Root Maggot Fly

This is one of those species where the scientific web sites say almost nothing, other than to argue over semantics and exactly who named the insect last, and the pest control sites have a lot to say. (What can I say, nobody seems to want to write a PhD thesis on small, feces-eating flies.)

As the name implies, the root maggot fly (Anthomyia illocata) has larvae that eat the roots of plants. It likes crops, and is therefore considered a pest, as they both damage the plants directly through their eating and allow fungus and bacteria into the plant through their tunneling.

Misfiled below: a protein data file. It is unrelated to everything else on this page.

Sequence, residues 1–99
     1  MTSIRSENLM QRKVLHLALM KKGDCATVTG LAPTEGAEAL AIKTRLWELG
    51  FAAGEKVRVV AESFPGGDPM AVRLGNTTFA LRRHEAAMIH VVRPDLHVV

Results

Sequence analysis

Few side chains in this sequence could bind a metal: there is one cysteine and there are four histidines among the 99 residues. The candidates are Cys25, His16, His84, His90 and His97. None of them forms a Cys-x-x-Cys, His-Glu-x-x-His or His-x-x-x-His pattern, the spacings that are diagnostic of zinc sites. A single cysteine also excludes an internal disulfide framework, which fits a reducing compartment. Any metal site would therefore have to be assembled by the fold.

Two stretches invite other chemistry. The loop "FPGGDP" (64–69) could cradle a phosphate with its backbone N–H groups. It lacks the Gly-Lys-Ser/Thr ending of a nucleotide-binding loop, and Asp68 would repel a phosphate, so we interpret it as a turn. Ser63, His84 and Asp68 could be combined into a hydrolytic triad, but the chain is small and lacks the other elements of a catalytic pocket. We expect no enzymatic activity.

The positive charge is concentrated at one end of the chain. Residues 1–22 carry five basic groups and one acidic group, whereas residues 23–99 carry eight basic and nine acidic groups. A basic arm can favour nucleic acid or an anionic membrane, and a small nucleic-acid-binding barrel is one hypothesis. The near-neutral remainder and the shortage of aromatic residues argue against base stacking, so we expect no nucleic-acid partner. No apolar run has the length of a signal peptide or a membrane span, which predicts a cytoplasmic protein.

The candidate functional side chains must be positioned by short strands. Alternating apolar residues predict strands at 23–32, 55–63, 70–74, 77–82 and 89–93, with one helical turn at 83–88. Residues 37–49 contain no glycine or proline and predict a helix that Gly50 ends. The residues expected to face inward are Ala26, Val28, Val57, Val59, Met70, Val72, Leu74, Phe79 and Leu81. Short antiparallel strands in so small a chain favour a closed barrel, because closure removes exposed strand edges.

Anthomyiid flies look like small (about 5 mm) black and white houseflies. Illocata has red eyes, and stripes rather than spots as do some of its cousins. Despite the “Don’t eat me!” aposematic coloring, the flies do not actually appear to be poisonous.

A rare, patient, willing participant in the macro photography process, this adult male (females have more widely spaced eyes) Anthomyia illocata fly let me get one whole photo before zooming off.

These flies, alas, have no common name. They are native to Asia, but also appear in the southern areas of the US and down into Mexico and South America. This one was about 5mm long.

Identified via the kind people at iNaturalist.

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